However, at the end of the day, it is very difficult ignoring the non-visual nature of this program. It’s really powerful and rich, but looking at long lines of your work mixed with HTML tags is simply not cool. It’s exhausting. As someone writing thousands of words every single day, I can tell you there’s nothing more disheartening and tiring than a bunch of <p> tags ruining your mojo. Now, the program is well maintained, actively developed and available in pretty much all the distro repos, but still.
This is another child of the KompoZer family. In fact, it’s a direct successor, and the closest match to the original. The design is simple and pretty, you get tabs, automatic markup validation and cleanup, and a familiar interface that will not bleed your productivity until you patch up on your knowledge.
The experience was quite pleasant. Bluegriffon is highly intuitive. Very simple and yet efficient. And it fully supports HTML5 out of the box, so despite being archaic in concept, it’s relevant and modern. You have all the usual Web design stuff we’ve seen in Composer, as you would expect.
Indeed, of the three programs listed here, it takes the least amount of time getting used. It’s the friendliest by a league, and it makes the most sensible transition without disrupting old patterns and well established work models that existed in the previous versions, like Nvu and kompoZer.
However, one thing I did not like about this program is the commercial spin. DLC for Linux is a no-no. But this is exactly what Bluegriffon does. You can purchase additional stuff, including certain addons, but it would make more sense to actually charge for a premium version of the program right away, rather than offer it for free and then sneak in surcharges. People do not like that, and might detest the program for purely non-technical reasons.
Business model aside, templates are nice and interesting, and you can demo them before applying them to your pages. A sort of a hybrid model that leases from the Blogger slash WordPress idea and applies it to a locally used WYSIWYG editor. Not bad. You also have something called Google Font Manager, although I’m not 100% sure what it does.
Finally, what about kompoZer?
That’s a good question. The truth is, the 32-bit build for Windows, compiled back in 2010 or so, still works rather well on all Windows platforms, including themes and extensions. In Linux, the situation is more difficult, because kompoZer was pulled out of the repositories as a stalled project, and you can only obtain it as a self-contained archive. No updates, plus you will struggle actually getting it to run. In my case, all attempts to get kompoZer running inside Xubuntu 14.10 64-bit failed, even after playing with LD_PRELOAD, adding shared libraries to the build and other tricks.
Just as an exercise, in case you’re curious and your luck runs better than mine, here’s a brief list of steps, errors and missing packages that you may need to resolve first before you can run kompoZer, if ever. First, you might need to obtain a bunch of 32-bit programs and tools.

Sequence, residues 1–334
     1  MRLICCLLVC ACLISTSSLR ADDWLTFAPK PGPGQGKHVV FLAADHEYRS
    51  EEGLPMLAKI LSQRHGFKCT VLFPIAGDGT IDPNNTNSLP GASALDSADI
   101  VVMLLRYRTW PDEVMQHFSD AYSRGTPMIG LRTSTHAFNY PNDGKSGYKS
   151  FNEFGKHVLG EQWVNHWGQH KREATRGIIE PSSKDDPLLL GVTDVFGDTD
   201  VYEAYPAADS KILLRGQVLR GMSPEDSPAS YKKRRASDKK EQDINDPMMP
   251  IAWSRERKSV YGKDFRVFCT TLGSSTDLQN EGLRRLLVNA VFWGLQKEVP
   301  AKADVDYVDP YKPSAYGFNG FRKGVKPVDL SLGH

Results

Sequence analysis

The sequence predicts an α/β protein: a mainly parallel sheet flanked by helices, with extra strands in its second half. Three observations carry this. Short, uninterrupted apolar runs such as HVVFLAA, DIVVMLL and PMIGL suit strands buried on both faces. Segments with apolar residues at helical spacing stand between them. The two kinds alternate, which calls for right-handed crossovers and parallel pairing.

libgtk2.0-0:i386 gtk2-engines-pixbuf:i386 gtk2-engines-murrine:i386
If you do not, then you might encounter the following error:
./kompozer-bin: error while loading shared libraries: libgtk-x11-2.0.so.0: cannot open shared object file: No such file or directory
(kompozer-bin:4530): Gtk-WARNING **: Unable to locate theme engine in module_path: "pixmap",
Eventually, you will hit the following exception:
./kompozer-bin: error while loading shared libraries: libmozjs.so: cannot open shared object file: No such file or directory
You could try resolving this by exporting the LD_PRELOAD environment variable:
export LD_PRELOAD=/home/mouse/Downloads/kompozer/libmozjs.so; ./kompozer-bin
But then, the error will move on to the next library, specifically libxpcom.so. Expand the list of paths in the variable, and it might work, to include both the libxpcom.so and libxpcom_core.so, both of which can be found inside the extracted kompoZer archive, or you could end up with still more weird and difficult errors.
ERROR: ld.so: object '/home/mouse/Downloads/kompozer/libxpcom.so' from LD_PRELOAD cannot be preloaded (wrong ELF class: ELFCLASS32): ignored.
At some point, it is quite honorable admitting defeat and accepting the reality in which once a highly customizable, flexible and productive WYSIWYG editor is sadly no longer available in the Linux world.
So we have three candidates, and I think Bluegriffon makes the most sense for the widest range of users, despite its somewhat tricky addons nature. But it does its work remarkably well, even though it is not included in the official repositories, and the track record of its predecessors goes against it. However, it’s robust, simple, efficient, and modern. Your second best bet is probably Bluefish, which is not exactly what you’ve hoped for. Both more and less. A dazzling array of features, only you need to use your imagination a lot to envision them, or constantly switch to your browsers for refresh and trial.